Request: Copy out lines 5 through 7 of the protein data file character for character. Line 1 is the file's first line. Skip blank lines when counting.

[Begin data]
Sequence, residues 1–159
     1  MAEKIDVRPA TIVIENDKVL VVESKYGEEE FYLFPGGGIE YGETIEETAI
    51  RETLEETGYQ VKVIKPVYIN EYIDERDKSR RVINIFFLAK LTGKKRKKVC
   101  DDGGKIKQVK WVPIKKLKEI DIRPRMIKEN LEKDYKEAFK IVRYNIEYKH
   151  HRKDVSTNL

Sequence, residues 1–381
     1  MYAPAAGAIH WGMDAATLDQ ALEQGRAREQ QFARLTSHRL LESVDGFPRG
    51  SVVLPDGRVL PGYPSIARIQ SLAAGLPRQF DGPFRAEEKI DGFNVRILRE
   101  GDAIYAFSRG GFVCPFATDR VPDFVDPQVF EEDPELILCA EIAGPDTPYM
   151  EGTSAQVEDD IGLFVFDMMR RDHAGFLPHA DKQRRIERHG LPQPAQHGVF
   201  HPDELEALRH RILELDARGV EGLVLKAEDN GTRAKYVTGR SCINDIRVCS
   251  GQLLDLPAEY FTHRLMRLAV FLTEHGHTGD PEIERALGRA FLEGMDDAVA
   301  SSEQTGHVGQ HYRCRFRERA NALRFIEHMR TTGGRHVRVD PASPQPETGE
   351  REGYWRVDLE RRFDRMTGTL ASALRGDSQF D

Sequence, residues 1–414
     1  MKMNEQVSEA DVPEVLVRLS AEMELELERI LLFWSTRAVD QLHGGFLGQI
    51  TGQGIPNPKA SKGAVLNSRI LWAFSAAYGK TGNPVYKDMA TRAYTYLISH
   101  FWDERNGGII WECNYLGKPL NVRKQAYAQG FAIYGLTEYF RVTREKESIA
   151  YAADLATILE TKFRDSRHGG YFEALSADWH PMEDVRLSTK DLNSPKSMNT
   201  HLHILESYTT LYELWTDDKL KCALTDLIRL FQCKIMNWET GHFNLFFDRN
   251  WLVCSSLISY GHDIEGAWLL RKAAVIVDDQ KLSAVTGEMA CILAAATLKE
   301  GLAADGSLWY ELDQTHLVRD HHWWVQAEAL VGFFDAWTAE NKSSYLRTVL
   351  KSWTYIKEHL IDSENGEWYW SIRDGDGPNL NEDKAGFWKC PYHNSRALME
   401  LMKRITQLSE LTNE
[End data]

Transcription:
   151  HRKDVSTNL

Sequence, residues 1–381
     1  MYAPAAGAIH WGMDAATLDQ ALEQGRAREQ QFARLTSHRL LESVDGFPRG